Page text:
According to the National Library of Medicine (part of the National Center for Biotechnology Information, or NCBI), genetically engineered, or GM, foods are those that have had foreign genes from other plants or animals inserted into their genetic codes. This has resulted in foods that are consistently flavored, as well as resistant to disease and drought.

Some genetically modified plants are purely ornamental. They are modified for flower color, fragrance, flower shape, and plant architecture. The first genetically modified ornamentals commercialized altered color. Carnations were released in 1997, with the most popular genetically modified organism, a blue rose (actually lavender or mauve) created in 2004. The roses are sold in Japan, the United States, and Canada. Other genetically modified ornamentals include Chrysanthemum and Petunia. As well as increasing aesthetic value there are plans to develop ornamentals that use less water or are resistant to the cold, which would allow them to be grown outside their natural environments.

Other GM plants were engineered for resistance to a specific chemical herbicide, rather than resistance to a natural predator or pest. Herbicide-resistant crops (HRC) have been available since the mid-1980s; these crops enable effective chemical control of weeds since only the HRC plants can survive in fields treated with the corresponding herbicide. Many HRCs are resistant to glyphosate (Roundup), enabling the liberal application of the chemical, which is highly effective against weeds. Such crops have been especially valuable for no-till farming, which helps prevent soil erosion.

However, because HRCs encourage the increased application of chemicals to the soil, rather than decreased application, they remain controversial with regard to their environmental impact. In addition, in order to reduce the risk of selecting for herbicide-resistant weeds, farmers must use multiple diverse weed-management strategies.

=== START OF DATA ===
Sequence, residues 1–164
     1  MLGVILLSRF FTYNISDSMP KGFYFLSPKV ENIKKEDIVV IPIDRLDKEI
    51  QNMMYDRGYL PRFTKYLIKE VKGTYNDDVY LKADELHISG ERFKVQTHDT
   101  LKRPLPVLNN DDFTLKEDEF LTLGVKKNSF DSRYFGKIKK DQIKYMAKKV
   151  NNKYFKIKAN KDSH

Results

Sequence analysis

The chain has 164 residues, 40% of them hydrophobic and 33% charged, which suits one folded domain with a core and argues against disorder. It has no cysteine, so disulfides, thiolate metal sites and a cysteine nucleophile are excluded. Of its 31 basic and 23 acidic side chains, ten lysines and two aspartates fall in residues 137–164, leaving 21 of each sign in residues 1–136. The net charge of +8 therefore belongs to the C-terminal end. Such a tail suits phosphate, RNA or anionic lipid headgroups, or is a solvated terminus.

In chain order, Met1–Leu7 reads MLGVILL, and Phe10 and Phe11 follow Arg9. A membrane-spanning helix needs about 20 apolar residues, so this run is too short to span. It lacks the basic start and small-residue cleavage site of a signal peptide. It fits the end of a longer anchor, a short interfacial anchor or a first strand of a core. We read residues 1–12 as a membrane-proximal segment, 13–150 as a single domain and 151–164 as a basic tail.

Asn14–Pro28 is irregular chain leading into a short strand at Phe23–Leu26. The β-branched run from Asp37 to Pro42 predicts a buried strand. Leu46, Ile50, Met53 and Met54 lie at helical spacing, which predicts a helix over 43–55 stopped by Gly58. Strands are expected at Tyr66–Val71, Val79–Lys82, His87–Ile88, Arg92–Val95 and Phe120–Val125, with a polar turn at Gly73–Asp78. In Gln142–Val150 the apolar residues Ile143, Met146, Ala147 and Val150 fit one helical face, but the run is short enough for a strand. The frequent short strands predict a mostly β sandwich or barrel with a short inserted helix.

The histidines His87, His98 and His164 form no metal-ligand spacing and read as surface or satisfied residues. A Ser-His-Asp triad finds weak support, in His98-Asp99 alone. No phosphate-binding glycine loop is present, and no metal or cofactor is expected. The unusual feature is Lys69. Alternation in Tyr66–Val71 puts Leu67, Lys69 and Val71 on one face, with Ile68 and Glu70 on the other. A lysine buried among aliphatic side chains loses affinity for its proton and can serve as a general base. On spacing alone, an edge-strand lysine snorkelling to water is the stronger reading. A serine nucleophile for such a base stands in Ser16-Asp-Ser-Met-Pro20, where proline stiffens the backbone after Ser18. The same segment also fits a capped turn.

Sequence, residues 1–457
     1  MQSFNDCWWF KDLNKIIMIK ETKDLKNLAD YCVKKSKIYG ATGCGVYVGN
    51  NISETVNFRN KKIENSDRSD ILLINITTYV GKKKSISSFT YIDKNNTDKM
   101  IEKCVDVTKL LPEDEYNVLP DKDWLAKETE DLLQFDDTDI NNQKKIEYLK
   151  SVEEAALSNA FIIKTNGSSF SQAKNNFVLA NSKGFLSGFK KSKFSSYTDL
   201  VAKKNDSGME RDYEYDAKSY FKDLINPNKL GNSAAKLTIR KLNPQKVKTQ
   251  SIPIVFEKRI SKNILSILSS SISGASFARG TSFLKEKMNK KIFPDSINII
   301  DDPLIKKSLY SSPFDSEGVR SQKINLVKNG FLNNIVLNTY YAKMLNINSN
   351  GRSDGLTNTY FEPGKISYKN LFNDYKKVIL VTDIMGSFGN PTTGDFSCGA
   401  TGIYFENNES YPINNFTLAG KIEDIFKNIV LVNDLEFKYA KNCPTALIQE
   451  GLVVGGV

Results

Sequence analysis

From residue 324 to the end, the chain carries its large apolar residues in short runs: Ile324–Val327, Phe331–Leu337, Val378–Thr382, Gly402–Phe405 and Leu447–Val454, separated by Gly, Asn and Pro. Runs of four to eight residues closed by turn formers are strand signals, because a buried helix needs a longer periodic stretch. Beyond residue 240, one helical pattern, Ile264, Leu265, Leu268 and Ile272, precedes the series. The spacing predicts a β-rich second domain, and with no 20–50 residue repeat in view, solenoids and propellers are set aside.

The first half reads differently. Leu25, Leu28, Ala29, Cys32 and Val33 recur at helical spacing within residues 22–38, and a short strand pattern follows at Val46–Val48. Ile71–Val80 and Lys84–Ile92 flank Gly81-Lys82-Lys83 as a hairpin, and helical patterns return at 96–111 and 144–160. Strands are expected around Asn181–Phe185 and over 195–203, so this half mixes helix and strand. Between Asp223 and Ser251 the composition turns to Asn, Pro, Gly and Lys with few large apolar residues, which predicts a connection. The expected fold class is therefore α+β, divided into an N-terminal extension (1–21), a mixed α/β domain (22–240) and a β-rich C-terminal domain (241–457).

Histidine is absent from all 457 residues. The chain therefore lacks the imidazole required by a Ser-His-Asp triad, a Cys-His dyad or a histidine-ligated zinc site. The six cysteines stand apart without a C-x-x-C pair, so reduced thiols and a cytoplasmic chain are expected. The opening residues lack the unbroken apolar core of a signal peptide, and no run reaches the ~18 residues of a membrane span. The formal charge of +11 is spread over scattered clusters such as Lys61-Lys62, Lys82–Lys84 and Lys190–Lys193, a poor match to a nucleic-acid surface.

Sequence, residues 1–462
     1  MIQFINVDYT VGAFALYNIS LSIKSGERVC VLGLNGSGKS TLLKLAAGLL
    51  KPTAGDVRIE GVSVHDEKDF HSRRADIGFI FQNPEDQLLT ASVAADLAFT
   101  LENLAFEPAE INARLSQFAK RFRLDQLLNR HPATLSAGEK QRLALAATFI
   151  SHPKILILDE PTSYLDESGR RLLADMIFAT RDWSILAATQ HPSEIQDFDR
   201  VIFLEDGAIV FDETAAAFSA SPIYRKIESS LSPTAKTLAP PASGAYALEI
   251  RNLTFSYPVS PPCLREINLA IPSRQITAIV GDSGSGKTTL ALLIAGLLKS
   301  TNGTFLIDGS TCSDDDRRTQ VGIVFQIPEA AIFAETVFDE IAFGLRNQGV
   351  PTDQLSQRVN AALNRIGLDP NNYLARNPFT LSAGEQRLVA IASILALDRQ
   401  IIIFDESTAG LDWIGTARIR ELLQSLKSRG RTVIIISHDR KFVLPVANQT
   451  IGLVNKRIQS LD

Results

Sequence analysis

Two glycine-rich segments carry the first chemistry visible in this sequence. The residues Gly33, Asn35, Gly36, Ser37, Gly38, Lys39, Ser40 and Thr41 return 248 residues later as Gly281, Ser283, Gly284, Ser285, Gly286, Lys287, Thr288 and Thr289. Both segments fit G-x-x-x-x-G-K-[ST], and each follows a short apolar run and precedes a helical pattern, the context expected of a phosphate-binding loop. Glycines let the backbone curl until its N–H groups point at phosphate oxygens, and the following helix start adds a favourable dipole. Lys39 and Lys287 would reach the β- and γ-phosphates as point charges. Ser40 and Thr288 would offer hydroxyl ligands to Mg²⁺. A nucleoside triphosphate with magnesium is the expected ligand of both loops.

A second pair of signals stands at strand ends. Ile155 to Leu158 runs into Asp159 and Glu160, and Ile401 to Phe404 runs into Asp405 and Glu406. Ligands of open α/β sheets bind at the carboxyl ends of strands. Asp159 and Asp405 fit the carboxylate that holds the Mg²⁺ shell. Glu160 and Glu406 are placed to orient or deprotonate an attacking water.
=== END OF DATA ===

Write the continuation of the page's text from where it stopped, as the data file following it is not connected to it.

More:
The first crops developed were used for animal or human food and provide resistance to certain pests, diseases, environmental conditions, spoilage or chemical treatments (e.g. resistance to a herbicide). The second generation of crops aimed to improve the quality, often by altering the nutrient profile. Third generation genetically modified crops could be used for non-food purposes, including the production of pharmaceutical agents, biofuels, and other industrially useful goods, as well as for bioremediation.

Another example of a GM crop is “golden” rice, which originally was intended for Asia and was genetically modified to produce almost 20 times the beta-carotene of previous varieties. Golden rice was created by modifying the rice genome to include a gene from the daffodil Narcissus pseudonarcissus that produces an enzyme known as phyotene synthase and a gene from the bacterium Erwinia uredovora that produces an enzyme called phyotene desaturase. The introduction of these genes enabled beta-carotene, which is converted to vitamin A in the human liver, to accumulate in the rice endosperm the edible part of the rice plant thereby increasing the amount of beta-carotene available for vitamin A synthesis in the body. In 2004 the same researchers who developed the original golden rice plant improved upon the model, generating golden rice 2, which showed a 23-fold increase in carotenoid production.